Maple Glen Brings a New Design Aesthetic to the Berkshires
"I wanted people who are allergic to wallpaper to feel welcome at the Red Lion Inn," owner Nancy Fitzpatrick says with mischievous glee. She is talking about the 17 new rooms that the landmark hotel (circa 1773) has just added, which have been rigorously designed (and painted not papered!) to appeal to a demanding, luxury-oriented clientele. But they’re also idiosyncratic, reflecting the inn’s eclectic history and the quirky aesthetics of the owner herself. "I wanted the rooms to have a bohemian quality yet feel totally contemporary," she says.
Fitzpatrick - a Smith College graduate, Peace Corps alumna, Boston Symphony Orchestra trustee and Tanglewood habitué - has put her history, heart and soul into the new Maple Glen building on the Red Lion’s campus, which is a village within the village of Stockbridge.
"I did a lot of shopping on eBay, and I got a lot of inspiration from Pinterest," says Fitzpatrick, who decorated each room individually with help from her in-house design team led by Carla Child. "I bought a lot of the artwork on my regular rounds at flea markets and we did a run to Brimfield last summer. I was very clear in my mind about what I wanted to do. I wanted offbeat colors. I did not want this to be wimpy."
As the daughter of Jane and Jack Fitzpatrick, the legendary couple who founded Country Curtains in 1956 and rescued the Red Lion from the wrecking ball in 1968, she has respect for tradition even though she’s an iconoclast, too. A decade ago, when she realized that North Adams needed a first-rate place for MASS MoCA visitors to stay, she created Porches, which has the charm of a New England bed-and-breakfast but the service and amenities of a top-flight boutique hotel.
"Maple Glen is really a cross between the style of Porches and the Red Lion," says Fitzpatrick, who allows that she wasn’t planning on expanding the Red Lion, but her hand was forced when the old sweater shop property adjacent to the inn (on the corner of Route 7 and Maple Street) was put on the market. "We hemmed and hawed, but we didn’t want anyone else to buy it. We did a business plan that justified the investment and we got a small business loan through Lee Bank."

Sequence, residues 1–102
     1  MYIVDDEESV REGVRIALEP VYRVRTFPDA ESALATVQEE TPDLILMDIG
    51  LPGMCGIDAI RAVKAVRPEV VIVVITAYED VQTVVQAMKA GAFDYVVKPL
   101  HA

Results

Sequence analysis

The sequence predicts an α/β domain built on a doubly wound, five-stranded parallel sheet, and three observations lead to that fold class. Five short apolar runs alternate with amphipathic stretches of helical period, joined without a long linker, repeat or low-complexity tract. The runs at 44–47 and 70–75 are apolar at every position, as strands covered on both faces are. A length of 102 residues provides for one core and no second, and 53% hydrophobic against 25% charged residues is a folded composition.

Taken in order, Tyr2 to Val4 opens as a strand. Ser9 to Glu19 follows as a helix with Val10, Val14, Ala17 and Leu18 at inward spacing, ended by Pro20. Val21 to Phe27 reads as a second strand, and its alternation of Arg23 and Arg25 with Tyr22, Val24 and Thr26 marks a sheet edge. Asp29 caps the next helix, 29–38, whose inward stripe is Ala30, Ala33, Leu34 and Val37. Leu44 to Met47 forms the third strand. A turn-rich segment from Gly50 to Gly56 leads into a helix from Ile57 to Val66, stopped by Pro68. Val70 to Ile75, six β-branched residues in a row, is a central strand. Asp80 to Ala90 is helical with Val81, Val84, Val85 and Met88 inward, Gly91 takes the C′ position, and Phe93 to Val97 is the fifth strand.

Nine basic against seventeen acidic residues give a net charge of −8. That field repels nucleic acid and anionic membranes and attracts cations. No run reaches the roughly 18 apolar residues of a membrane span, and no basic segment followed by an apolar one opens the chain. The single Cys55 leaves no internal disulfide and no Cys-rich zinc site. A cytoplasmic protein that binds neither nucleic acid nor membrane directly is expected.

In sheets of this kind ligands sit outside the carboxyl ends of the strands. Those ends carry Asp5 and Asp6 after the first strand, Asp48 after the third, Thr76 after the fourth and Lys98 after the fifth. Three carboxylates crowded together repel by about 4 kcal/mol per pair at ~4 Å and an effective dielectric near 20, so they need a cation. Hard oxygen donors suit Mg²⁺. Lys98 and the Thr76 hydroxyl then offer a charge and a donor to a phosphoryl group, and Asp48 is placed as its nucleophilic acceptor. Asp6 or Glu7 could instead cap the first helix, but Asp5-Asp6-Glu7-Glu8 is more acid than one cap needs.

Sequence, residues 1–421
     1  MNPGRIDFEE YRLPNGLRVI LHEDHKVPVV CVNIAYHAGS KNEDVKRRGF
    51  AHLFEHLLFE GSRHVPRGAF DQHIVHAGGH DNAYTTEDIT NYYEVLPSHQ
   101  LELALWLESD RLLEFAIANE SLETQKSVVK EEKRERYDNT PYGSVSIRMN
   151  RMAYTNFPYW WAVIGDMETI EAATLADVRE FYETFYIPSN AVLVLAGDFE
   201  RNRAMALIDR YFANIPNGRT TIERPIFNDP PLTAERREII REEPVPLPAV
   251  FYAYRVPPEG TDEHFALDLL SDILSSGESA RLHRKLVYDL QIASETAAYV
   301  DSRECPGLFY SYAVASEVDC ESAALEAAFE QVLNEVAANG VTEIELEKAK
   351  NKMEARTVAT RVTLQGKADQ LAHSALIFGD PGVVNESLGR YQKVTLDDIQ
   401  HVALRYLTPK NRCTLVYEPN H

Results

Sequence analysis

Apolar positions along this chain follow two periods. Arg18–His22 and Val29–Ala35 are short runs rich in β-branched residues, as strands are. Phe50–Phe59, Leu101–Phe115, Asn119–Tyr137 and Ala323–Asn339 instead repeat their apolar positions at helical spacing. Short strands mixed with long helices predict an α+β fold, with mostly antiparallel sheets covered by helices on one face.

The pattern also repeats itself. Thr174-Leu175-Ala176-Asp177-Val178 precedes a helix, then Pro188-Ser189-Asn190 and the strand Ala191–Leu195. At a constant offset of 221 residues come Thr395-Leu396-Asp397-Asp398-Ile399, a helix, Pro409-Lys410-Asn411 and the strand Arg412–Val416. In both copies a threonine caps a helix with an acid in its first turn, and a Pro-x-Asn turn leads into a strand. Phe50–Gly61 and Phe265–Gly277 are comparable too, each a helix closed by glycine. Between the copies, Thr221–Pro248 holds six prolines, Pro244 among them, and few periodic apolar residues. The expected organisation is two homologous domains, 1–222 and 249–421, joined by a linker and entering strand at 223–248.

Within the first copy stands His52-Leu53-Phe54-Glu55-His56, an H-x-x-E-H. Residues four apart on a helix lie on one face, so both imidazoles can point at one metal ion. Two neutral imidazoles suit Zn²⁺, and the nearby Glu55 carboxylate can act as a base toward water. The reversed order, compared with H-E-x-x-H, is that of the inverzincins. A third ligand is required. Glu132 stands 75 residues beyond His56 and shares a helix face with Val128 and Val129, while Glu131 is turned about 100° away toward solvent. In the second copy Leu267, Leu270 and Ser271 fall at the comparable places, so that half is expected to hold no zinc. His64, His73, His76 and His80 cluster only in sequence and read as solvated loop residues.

Fitzpatrick, the former chair of the Berkshire Creative Economy Council (now known as Berkshire Creative), made Maple Glen a local stimulus project. "We hired architect Pam Sandler because she is a Stockbridge person and drives by that corner every day," says Fitzpatrick, who ordered all the rugs from Annie Selke’s Pittsfield-based Dash & Albert.
Furniture maker Peter Thorne of West Stockbridge was commissioned to design the bases for the vanities in all the bathrooms, which have white subway tiles, deep soaking tubs and slate radiant heat floors. (The handicap accessible bathroom is a stunning Shaker-esque design that is bound to win awards.) All the new furniture was purchased through Paul Rich & Sons in Pittsfield, and the bedspreads, naturally, came from Country Curtains, which has had its flagship store at the Red Lion for more than 40 years.
Besides the unprecedented use of paint instead of wallpaper, the Maple Glen rooms are the first at the Red Lion to have coffeemakers and minibars. But, more interestingly, every room has a "tchotchke box" hanging on the wall; each one contains a random assortment of collectible items like a Pez dispenser, a shell and a vintage postcard.
"It’s an idea I borrowed from Burning Man," says Fitzpatrick, referring to the psychedelic new age desert festival she attends every year. "There’s a Burning Man tradition that you leave something and you take something, and I hope it catches on here."
One of the unintended consequences of staying at Maple Glen is that guests must wander around behind the main building, which is how you may stumble upon the beautiful swimming pool and hot tub that are discreetly hidden behind a picket fence; they’re kept open year-round which makes the Red Lion an in-town resort in every season.
The location is also a stone’s throw from the nostalgic Elm Street Market with a lunch counter that looks like it’s straight out of a Norman Rockwell painting. "I hope," says Fitzpatrick, "that Maple Glen will make people who think they wouldn’t like staying at the Red Lion feel at home." For the inquisitive traveler looking for that quirky combination of retro chic and modern inspiration, Maple Glen is the perfect fit.
Learn more about Maple Glen and the Red Lion Inn’s other properties by visiting www.redlioninn.com